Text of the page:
Tuesday, April 16, 2024

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Will Jews Vote For Trump

Other Findings Of Note

Trump says Jews disloyal if they vote for Democrats

We asked about Jewish voters choices in 2016 and found no difference in the sample as far as their party choice for president. While there was a slight increase in Democrat votes , voters for Donald Trump remained steady .

Jewish Biden voters do have some concerns about the future direction of their political party as far as Israel-related issues or anti-Semitism is concerned, but seem to be fairly confident on the policy regarding Iran. On Israel, 44.23% have no concern at all, while 55.7% have varying degrees of concern. Less than 14%, however, have a great deal or a lot of concern.

Jewish Biden voters concern regarding the future party position on Israel

Compare this with Jewish Trump voters, who, perhaps surprisingly to some, showed a greater concern for future Republican direction on Israel, with two-thirds expressing some degree of concern, and more than 32% expressing a great deal or a lot of concern.

Jewish Trump voters concern regarding the future party position on Israel

Regarding anti-Semitism, Biden voters show a similar pattern as with concern over Israel-related issues, with over 45% not concerned at all, and only 11.5% concerned a great deal, and only 9.8% concerned a lot.

Biden voters concern regarding the future party position on anti-Semitism

Jewish Trump voters concern regarding the future party position on anti-Semitism

Biden voters concern regarding the future party position on Iran

National Survey Of Jewish Voters

The Jewish Electorate Institute today released the results of a survey conducted on behalf of JEI from March 3 through April 3 of 800 self-identified registered Jewish American voters by GBAO Strategies, a research-based strategic counsel for candidates running for office, non-profits, and other organizations seeking to better understand public opinion.

JEI Chair Martin Frost said that this poll demonstrates that Jewish Americans continue to support President Biden and the Democratic Party at levels higher than the general American voting population. Key findings include

  • 72% approve of Bidens handling of the war in Ukraine
  • 70% think Trump has a great deal of influence over the Republican Party and 26% think he has some influence. A very striking percentage of Jewish voters think
  • 68% think Trump is very responsible and 11% think he is somewhat responsible for the Jan 6 insurrection
  • 60% think the Republican Party is very responsible and 17% think the Republican Party is somewhat responsible for the January 6 insurrection.
  • 68% support the U.S. re-entering the Iran nuclear agreement.

JEI is an independent, non-partisan organization dedicated to deepening the publics understanding of Jewish American participation in our democracy. JEI is the foremost resource on Jewish voter political preferences, producing the top research, polling, and analysis critical to understanding the Jewish electorate.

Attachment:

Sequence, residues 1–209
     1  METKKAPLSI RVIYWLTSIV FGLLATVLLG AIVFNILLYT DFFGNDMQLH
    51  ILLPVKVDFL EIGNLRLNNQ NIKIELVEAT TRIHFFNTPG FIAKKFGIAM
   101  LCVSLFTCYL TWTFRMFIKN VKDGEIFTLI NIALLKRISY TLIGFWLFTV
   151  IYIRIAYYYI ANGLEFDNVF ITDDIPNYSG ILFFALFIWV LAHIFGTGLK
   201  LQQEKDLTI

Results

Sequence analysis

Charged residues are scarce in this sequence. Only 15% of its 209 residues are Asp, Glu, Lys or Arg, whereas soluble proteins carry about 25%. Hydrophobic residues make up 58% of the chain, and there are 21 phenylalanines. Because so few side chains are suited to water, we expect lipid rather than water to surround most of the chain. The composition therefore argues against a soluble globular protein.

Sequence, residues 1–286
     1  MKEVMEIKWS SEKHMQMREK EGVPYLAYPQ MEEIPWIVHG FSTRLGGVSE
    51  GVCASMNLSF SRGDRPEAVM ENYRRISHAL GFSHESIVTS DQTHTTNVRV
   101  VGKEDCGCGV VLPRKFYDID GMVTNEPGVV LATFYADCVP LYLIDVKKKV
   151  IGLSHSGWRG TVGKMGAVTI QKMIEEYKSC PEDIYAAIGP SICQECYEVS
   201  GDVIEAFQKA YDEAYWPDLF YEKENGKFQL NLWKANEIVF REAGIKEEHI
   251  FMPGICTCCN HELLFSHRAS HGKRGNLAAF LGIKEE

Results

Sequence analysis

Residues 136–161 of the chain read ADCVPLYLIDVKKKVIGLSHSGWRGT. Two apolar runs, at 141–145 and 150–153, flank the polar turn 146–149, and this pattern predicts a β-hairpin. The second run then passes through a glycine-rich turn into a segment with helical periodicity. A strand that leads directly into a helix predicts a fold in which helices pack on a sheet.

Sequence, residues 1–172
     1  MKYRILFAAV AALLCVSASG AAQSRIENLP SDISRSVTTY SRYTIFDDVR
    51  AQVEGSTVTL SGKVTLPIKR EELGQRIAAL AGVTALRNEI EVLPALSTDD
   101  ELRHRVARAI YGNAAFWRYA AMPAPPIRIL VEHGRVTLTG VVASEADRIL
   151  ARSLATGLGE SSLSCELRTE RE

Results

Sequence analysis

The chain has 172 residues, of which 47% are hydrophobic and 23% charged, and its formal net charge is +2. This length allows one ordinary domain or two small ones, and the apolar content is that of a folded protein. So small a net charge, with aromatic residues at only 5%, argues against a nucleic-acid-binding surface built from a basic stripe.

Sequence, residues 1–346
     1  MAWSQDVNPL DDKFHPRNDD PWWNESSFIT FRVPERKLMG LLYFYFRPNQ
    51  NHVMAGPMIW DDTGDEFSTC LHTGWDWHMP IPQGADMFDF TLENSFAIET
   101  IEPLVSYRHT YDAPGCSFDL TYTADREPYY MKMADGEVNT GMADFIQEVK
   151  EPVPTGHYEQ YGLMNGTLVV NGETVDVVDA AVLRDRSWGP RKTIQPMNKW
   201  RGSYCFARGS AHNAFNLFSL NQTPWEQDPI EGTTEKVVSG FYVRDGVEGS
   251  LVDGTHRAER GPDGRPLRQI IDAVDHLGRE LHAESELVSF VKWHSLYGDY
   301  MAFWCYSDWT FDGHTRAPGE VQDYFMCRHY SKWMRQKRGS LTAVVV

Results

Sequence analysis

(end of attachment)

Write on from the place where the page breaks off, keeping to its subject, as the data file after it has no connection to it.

for the survey results

One Last Dig Into The 2020 Jewish Vote

Two weeks have passed since election day, and theres nothing anyone wants more than to put this whole thing behind us. But before we do so, we need to settle the least important question of these elections, yet the one most likely to come up during your Thanksgiving, Passover or whatever family dinner table: How did the Jews vote?

As everyone probably knows, this question is far from being settled.

Ask Democrats, and theyll point to a J Streetexit poll which found that the Jewish vote went 77:21 percent in favor of Bidenan increase compared to Hillary Clintons results among Jewish voters in 2016.

Ask Republicans, and youll get a different answer. Theirpoll found that Trump increased his share of Jewish voters to 30.5 percent, while 60.6 percent voted for Biden.

Its a pretty big gap, but not one that surprises experts. Were not only talking about a tiny slice of the population, which is hard to measure in these types of polls, but also one that is not precisely defined .

For most, the difference is meaningless because the bottom line remains the same: American Jews vote by a large margin for Democratic candidates and did so this time.

But are there any scenarios in which tiny shifts in Jewish voting trendlines make a difference in real-life politics?


Is there a bottom line?

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Why No Jew Should Vote For President Donald Trump: Take Two

Exactly four years ago, I reluctantly wrote take one of this article. As a historian who maintains a website that includes a section chronicling the history of American Presidential elections, and a book with the same title, and as someone with a regular column in Newsweek, called Tel Aviv Diary, I had attempted to remain non-partisan. Over the years, I have largely succeeded in maintaining objectivity regarding American politics. But, at that moment, when it had become clear that the election of President Donald J. Trump was a real possibility, I felt I had no choice but to speak out against what I saw the genuine danger to Jews and the State of Israel, not to mention to the United States, and the world-at-large.

Now, four years later, unfortunately, much of what I predicted has happened. Again, like last time, I will not touch on all of the areas that have made Trump the worst President in United States history, or all of the harm he has done to the world in this article. Ill leave that for my history website. Instead, I will focus on the ways in which Trump has been bad for Israel, and why he has been bad for Jews, through my lens as an American-Israeli.

With National Election Pool Not Posting Jewish Results Backers Of Democrats Or Republicans Publish Their Own Conflicting Numbers But Agree Most Voters Backed Biden

Amazon.com: Jews for Trump 2020 Vote Hebrew T

JTA â Itâs a Jewish ritual: Every four years after a presidential election, the question arises about how American Jews voted.

âCheck the Jewish exit pollsâ is the rallying cry.

Those days may be over.

Blame apples and oranges and other assorted fruit: There is no longer a single exit poll to compare and contrast. Thatâs left the field open to partisan Jewish groups to post polls claiming movement in the direction they favor.